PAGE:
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Just wondering how you would do this. Would you have some sort of process that scanned through all the actions that took place over the past X minutes? Would you trigger a badge update check every time any action took place (up vote, down vote, tag, etc.)? It seems like this would be a relatively expensive process one way or another.

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Send Jeff Atwood an email, he will probably tell you how they actually did it and if I remember correctly it might have been discussed indirectly in the podcast or maybe one of the blogs. I forget. – Tall Jeff Sep 23 '08 at 1:00

6 Answers 6

up vote 10 down vote accepted

Perhaps a bit of both. I would probably queue up a check every time an action occurred and have a process that goes down the queue and determines if a badge has been earned for each check. This way it's semi-real time without causing pages to take more time to load. In fact, here on StackOverflow I've noticed a delay between when the badge is earned and when the system realizes it, so this site probably uses the same approach.

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Note that it actually is NOT real time on stack overflow - it took a couple of my badges a few page refreshes to show up. – Alex Weinstein Sep 23 '08 at 0:58
SO uses a hack involving the server cache callbacks to kind of mimic a recurring task. It's discussed in one of the podcasts. – 1800 INFORMATION Sep 23 '08 at 1:03
+1 I just realized that you could also calculate it on every action, but do it in a separate thread so as to not slow down site performance. – Kevin Pang Sep 23 '08 at 1:03
How many threads would you be spawning off if you did this on a separate thread? Each of these would be rather long-living... I can't imagine why you'd want to do this on every action. It should be a standard cron / recurring task to do the calculation for multiple users at once. – Alex Weinstein Sep 23 '08 at 3:09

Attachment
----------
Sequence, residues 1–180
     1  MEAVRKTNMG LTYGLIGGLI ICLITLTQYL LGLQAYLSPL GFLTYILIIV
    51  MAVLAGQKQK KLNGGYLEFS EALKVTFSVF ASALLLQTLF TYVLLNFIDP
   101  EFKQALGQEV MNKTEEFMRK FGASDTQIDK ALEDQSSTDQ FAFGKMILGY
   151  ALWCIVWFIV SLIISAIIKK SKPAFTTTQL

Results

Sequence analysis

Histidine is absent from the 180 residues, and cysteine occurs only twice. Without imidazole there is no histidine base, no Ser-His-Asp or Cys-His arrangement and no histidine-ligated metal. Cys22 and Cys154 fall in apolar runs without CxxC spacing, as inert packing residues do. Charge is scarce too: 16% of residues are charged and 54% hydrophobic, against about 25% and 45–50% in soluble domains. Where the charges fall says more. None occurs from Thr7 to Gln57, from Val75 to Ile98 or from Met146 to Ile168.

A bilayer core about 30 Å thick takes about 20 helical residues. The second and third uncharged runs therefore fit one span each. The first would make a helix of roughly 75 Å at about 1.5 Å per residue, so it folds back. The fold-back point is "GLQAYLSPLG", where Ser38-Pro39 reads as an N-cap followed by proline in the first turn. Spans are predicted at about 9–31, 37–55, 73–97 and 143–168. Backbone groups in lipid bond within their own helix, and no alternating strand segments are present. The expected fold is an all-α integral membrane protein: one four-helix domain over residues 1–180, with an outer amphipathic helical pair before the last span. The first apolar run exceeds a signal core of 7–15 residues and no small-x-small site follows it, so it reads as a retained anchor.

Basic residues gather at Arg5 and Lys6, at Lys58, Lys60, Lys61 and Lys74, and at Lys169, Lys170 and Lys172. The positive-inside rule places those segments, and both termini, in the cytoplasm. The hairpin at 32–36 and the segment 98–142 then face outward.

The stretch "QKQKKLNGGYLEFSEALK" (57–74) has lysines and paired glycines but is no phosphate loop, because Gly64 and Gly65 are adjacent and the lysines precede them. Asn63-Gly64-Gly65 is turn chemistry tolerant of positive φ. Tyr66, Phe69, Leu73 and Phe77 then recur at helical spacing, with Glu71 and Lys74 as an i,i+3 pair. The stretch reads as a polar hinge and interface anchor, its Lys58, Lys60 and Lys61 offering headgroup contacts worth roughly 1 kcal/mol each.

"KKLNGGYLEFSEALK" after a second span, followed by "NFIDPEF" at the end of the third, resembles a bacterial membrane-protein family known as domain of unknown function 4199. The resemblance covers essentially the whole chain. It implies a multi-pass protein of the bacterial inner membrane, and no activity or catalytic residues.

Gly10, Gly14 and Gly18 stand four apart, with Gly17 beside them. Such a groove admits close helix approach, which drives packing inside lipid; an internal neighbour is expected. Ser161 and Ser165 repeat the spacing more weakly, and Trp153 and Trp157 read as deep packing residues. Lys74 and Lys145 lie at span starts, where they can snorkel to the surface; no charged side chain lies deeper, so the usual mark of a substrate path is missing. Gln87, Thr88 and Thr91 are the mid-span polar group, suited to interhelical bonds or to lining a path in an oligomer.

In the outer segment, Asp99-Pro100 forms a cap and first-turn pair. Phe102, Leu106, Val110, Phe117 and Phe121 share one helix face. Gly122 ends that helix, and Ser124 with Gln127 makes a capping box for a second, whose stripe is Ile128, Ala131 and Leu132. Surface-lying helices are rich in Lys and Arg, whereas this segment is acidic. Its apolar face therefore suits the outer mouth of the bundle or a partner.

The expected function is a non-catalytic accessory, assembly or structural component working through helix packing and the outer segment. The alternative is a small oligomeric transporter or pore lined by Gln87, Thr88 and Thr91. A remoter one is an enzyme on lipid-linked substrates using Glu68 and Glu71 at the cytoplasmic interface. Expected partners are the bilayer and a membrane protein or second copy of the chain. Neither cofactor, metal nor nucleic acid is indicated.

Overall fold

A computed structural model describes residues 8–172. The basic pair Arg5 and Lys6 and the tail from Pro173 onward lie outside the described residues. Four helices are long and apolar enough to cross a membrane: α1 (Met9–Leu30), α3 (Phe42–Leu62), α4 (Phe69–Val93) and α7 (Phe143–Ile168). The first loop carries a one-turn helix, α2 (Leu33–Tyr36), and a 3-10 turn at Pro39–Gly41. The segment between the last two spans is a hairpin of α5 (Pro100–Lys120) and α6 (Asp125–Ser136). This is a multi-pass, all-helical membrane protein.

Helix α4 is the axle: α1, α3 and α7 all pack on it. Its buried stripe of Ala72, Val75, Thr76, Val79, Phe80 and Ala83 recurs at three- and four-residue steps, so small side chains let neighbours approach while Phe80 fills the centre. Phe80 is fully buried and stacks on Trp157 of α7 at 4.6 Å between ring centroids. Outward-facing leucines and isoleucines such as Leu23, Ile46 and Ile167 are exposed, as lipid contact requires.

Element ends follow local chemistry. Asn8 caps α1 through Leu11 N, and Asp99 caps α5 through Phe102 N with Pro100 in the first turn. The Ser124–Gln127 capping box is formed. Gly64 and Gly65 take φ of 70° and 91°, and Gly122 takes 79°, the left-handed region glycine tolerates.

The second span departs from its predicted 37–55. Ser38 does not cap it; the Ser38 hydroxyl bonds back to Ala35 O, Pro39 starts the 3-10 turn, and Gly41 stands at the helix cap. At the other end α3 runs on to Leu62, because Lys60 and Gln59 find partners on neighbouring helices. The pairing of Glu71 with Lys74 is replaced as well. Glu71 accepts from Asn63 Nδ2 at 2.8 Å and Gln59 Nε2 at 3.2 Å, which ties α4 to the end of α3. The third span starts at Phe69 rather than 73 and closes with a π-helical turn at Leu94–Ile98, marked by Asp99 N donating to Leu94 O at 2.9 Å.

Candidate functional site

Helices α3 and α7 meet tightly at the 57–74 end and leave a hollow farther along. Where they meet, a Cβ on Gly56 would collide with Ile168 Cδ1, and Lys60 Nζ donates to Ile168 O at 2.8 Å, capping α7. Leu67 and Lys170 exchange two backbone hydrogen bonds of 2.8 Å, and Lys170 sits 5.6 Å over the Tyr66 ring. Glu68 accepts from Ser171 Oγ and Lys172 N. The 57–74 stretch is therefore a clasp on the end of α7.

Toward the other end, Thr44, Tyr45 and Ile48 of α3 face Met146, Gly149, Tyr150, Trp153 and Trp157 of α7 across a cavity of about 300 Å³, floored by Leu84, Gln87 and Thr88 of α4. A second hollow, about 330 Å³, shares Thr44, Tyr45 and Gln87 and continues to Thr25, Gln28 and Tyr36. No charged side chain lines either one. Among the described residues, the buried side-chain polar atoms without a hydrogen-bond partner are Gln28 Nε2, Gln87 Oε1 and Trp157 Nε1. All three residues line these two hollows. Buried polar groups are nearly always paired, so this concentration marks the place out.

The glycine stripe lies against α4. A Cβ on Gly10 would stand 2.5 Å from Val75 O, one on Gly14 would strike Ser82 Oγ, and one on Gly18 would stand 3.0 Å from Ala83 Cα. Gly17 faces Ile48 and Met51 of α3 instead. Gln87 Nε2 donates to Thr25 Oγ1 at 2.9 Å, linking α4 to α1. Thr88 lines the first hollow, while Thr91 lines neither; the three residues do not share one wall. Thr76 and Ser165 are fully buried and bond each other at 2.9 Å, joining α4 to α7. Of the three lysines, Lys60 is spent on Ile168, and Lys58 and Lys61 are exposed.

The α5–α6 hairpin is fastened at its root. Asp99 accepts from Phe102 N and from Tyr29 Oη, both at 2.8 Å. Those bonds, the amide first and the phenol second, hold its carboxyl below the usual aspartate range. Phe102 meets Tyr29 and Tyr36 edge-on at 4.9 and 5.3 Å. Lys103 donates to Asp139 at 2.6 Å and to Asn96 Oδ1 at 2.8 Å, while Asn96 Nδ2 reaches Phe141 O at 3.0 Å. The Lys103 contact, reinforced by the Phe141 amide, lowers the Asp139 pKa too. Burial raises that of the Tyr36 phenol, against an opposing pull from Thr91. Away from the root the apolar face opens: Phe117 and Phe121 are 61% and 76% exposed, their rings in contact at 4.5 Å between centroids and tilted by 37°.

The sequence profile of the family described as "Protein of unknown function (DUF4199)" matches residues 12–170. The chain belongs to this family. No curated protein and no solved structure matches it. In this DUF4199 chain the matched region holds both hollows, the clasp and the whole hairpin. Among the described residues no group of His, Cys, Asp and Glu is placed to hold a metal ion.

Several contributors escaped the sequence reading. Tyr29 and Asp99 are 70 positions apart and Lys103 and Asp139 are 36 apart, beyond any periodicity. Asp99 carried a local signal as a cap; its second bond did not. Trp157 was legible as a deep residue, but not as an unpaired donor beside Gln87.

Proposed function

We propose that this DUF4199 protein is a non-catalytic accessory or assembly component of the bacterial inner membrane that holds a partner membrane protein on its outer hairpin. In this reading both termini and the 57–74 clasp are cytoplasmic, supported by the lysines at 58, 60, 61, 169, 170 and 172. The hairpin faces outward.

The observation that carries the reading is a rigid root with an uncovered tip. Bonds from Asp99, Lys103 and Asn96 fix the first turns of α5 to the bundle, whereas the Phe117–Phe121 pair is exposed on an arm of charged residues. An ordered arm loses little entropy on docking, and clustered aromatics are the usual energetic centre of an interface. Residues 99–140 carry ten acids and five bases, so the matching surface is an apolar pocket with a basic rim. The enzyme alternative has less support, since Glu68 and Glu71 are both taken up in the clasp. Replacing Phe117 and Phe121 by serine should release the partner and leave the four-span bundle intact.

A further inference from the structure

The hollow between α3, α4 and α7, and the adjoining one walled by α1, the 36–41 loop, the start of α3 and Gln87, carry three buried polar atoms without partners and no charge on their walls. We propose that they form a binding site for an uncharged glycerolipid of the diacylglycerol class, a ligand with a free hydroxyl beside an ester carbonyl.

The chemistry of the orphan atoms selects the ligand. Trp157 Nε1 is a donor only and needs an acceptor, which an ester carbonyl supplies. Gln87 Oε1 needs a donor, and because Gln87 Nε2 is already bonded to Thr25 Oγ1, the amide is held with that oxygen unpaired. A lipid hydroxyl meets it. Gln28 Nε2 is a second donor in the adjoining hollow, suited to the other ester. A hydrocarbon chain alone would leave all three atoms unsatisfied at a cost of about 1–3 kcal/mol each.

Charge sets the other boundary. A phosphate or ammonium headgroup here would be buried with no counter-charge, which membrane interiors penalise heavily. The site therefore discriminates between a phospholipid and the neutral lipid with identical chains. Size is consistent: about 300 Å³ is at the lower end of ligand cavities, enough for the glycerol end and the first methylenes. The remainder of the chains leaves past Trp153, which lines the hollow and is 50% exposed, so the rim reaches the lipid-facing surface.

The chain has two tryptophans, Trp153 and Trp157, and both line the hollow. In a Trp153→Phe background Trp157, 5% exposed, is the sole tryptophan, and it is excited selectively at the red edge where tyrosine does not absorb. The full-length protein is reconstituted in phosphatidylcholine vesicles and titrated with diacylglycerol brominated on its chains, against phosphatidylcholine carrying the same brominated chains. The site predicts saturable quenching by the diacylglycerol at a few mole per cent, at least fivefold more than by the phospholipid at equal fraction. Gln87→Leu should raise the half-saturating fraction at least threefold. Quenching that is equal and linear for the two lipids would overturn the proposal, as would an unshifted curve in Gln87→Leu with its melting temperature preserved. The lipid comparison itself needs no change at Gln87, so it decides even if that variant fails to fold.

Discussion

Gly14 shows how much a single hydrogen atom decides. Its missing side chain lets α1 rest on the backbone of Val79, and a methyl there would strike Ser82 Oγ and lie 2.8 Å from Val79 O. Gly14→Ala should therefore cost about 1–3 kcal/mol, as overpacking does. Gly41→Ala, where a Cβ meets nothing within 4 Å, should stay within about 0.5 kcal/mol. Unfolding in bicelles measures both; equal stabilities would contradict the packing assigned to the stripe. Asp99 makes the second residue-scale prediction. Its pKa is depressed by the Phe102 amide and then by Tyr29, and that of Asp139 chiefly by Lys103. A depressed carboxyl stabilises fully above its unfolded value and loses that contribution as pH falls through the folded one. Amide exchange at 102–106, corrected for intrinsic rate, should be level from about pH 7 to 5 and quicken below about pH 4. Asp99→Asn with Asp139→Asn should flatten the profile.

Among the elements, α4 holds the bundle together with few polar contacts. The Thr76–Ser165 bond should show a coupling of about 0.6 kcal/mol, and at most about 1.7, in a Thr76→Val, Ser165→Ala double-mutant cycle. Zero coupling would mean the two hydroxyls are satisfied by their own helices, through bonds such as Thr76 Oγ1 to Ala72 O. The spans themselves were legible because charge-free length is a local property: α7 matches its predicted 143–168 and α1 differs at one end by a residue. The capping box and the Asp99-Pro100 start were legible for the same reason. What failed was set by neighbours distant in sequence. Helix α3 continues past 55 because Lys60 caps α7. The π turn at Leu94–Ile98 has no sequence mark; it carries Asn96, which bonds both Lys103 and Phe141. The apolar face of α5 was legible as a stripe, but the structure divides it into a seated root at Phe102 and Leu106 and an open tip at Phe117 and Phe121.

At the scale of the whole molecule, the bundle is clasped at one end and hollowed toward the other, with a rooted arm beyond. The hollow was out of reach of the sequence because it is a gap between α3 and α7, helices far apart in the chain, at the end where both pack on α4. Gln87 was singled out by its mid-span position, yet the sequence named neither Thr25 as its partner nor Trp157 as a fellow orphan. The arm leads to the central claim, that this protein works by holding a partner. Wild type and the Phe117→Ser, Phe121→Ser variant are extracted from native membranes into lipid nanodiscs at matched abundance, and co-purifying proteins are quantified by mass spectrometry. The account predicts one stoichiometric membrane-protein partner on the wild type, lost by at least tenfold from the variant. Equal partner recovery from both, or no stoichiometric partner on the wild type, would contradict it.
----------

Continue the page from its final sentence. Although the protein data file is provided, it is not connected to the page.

Just one thread. Each HTTP request thread will queue up a check in one central thread. The problem that I see with the cron approach is determining exactly what happened in the last 5 minutes. With this you have an exact record. – Kyle Cronin Sep 23 '08 at 11:40

I wouldn't trigger an update every time someone did an action; what I would do instead is a batch process that looks through every action performed in the last minute, sums things up with the "minute ago" state of every user, and gives out new badges based on that.

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why all the negative votes? – Alex Weinstein Sep 23 '08 at 2:18

Use a database with 'hooks/triggers'. Then you can trigger an event on certain state changes, say for instance, you have a table that records every single up vote on a given answer.

You know that Answer > 10 Upvotes == "Good Answer", so you'd just put a trigger that occurs when LAST_STATE = 9 and NEXT_STATE = 10 and ENTRY_AWARDED_GOODANSWER = false.

Postgresql is one such database that supports such triggers.

Read more here:

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Would the transaction that updates the # of Up Votes be waiting while the trigger is executing? Or is the trigger execution asynchronous? – Alex Weinstein Sep 23 '08 at 3:11
In postgres its MVCC. I don't understand how it works, but 2 people can be using the same rows and not have issues. Triggers /tend/ to happen as part of the triggering query, simply by doing the right command in the right trigger can cease the change happening. – Kent Fredric Sep 23 '08 at 7:25

I'd probably use a Service Broker Queue in SQL Server to send actions onto the queue and activation procedure picks up the a bunch of actions at a time and runs it against a Badge checking procedure. A Badge Rules Engine for instance.

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I would personally have a cron job or similar that processed these on a regular basis. Probably on a "fake cron" flow system, where I'd have an invisible image call and go through the internal "cron stack" to see what needs to be done.

A lot of the badges however, shouldn't need that much to do with them... they should be able to be done with a nicely crafted query

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Blank 1x1 images is so 2002. There are better ways in 2009, many of which are mentioned in this thread. – phidah Oct 27 '09 at 4:53

Khan Academy goes into great lengths to award the badges in real-time. They argue it is important to the gamey-feeling of the website. They also have a batch job that periodically reevaluates the data and awards any missed badges.

Ben Kamens, Badges on App Engine: Implementing a real-time.... The blog was published in January 2011, so things migh've changed since.

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